healthy eating guidelines. Reduction in consumption of livestock products is balanced by increasing plant
consumption on the basis of constant food energy supplied. Fruit and vegetable consumption was increased
by 50% and basic carbohydrate (e.g. cereals, potatoes) and oil rich commodities (except palm oil) by 33%.
Substitution was estimated on the basis of food energy use at the commodity level using FAOSTAT data.
Expert opinion was obtained in relation to the viability of consumption change under Scenario 1. This
indicated that diets at the consumer level under thisscenario are viable from a nutritional viewpoint. It was
also noted that Consumption Scenario 1 aligns with healthy eating guidelines in other countries. The
production scenarios are focused on the intensity of use of different types of land. The result is a difference
in the quantity and type of land ‘released’ from prod uction from change that reduces land needs. The
production scenarios are:
Production Scenario 1. Uniform land release - ‘pro-rata’ changes in land requirements across land types.
Production Scenario 2. Maximise release of tillable land - ruminant meat production concentrated on lower
Production Scenario 3. Maximise release of low quality land - ruminant meat production concentrated on
high quality land.
The combination of consumption scenarios 1 and 2 and three production scenarios gives a total of 6 system
scenarios. These are complemented by Consumption Scenario 3 giving a total of 7.
All consumption change scenarios reduce the total amount of land estimated as required to support the UK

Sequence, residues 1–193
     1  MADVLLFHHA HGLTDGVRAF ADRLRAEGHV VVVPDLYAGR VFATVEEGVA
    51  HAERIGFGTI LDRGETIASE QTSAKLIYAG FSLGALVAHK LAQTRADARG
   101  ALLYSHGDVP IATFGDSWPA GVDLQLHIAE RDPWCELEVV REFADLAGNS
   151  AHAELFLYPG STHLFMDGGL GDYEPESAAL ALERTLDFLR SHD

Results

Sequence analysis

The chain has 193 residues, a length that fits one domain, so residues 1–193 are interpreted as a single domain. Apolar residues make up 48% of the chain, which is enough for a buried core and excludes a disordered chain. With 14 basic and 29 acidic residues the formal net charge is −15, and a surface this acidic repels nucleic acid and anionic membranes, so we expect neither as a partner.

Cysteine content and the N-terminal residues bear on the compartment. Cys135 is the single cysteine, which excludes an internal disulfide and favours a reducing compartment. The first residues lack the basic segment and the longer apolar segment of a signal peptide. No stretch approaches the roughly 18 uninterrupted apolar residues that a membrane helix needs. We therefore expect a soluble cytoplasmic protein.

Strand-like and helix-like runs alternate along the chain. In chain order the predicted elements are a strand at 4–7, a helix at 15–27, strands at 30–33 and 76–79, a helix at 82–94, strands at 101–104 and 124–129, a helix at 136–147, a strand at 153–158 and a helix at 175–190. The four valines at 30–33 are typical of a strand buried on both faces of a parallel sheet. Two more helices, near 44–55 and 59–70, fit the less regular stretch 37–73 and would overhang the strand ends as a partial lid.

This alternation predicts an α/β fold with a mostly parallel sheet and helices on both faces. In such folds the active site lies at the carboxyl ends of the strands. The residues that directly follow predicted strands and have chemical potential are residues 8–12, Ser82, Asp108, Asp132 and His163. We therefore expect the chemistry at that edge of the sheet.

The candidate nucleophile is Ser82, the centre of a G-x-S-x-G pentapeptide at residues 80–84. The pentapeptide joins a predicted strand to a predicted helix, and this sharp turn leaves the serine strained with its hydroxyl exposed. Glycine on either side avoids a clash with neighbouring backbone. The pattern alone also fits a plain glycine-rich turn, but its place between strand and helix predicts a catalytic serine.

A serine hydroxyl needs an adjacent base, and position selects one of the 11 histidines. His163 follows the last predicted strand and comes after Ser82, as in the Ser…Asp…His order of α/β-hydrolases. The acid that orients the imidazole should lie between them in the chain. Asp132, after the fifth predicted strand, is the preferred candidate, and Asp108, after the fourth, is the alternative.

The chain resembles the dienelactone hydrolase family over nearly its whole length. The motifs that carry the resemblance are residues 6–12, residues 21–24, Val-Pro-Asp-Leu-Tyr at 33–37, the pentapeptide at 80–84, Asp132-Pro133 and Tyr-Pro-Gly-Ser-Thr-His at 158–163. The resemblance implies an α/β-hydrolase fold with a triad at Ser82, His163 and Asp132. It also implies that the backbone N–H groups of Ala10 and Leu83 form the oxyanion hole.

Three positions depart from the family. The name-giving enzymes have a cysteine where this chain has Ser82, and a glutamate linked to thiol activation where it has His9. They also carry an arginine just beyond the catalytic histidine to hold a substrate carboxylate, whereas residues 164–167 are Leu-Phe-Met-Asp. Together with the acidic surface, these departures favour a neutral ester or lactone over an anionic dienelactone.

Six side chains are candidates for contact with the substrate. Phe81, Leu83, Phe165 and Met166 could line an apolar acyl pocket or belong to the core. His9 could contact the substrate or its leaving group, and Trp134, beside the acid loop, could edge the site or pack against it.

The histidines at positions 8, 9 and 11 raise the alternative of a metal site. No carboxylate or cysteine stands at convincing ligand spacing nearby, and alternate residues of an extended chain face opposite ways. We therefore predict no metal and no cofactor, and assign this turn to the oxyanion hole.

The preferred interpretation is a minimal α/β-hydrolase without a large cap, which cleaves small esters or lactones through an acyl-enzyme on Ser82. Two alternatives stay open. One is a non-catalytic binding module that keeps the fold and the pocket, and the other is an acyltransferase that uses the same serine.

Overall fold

food system. A switch from red to white meat increases the need for overseas arable land, although a larger
area of UK land that can be tilled is released.
Under a reduction scenario, the amount of extra land required for the direct consumption of plant productsis
less than the amount of arable land released from livestock feed production. The net effect on total overseas
arable land needs is a reduction of about 311,000 haand a net release of about 265,000 ha arable land in
the UK. The need for grassland is greatly reduced. The release of grassland with some arable potential
ranges between 1.6 to 3.7 million ha depending on where remaining production is concentrated. The
release of grassland with no arable potential ranges from 0.7 to 6.9 million ha. Under a reduction scenario,
concentrating remaining production on better quality land would almost entirely eliminate sheep and beef
production for the UK from the hills, most uplands and less productive lowland areas.
Under Consumption Scenario 2 (a shift from beef and sheepmeat to white meat from pigs and poultry), the
diet needs of pigs and poultry result in a net increase in demand for overseas grown crops, although
considerably more potentially arable land is released in the UK. More arable cropping is needed both in the
UK (an additional 55,000 ha) and to a much greater extent overseas (about an additional 466,000 ha), driven
largely by soy. However, the release of arable quality grassland in the UK exceeds the increase in overseas
arable landed needed for producing this feed. The result is a net release of between 1.6 and 2.9 million ha
potentially arable land in the UK plus the release of 1.3 to 6.6 million ha of land suitable only for grassland.
Under Consumption Scenario 3 (a 50% reduction in white meat consumption balanced by an increase in
plant products) the changes are much less complex with no changes in grassland needs. Increases in
demand for arable land for direct human consumption amounted to about 154,000 and 172,000 ha (domestic
and overseas respectively), but these are more than compensated for by the release of arable land from feed
production (341,000 and 668,000 ha domestic and overseas respectively).
Focusing a reduced cattle and sheep industry on non-arable land would result in the release of substantially
more tillable land (currently grassland). In a 50% livestock production consumption reduction scenario,
maximising the use of lower grade land (semi-naturalgrassland, hill land etc.) releases 3.7 million of tillable
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grassland (including 1.3 million ha of good arable land). The opposite approach of withdrawing production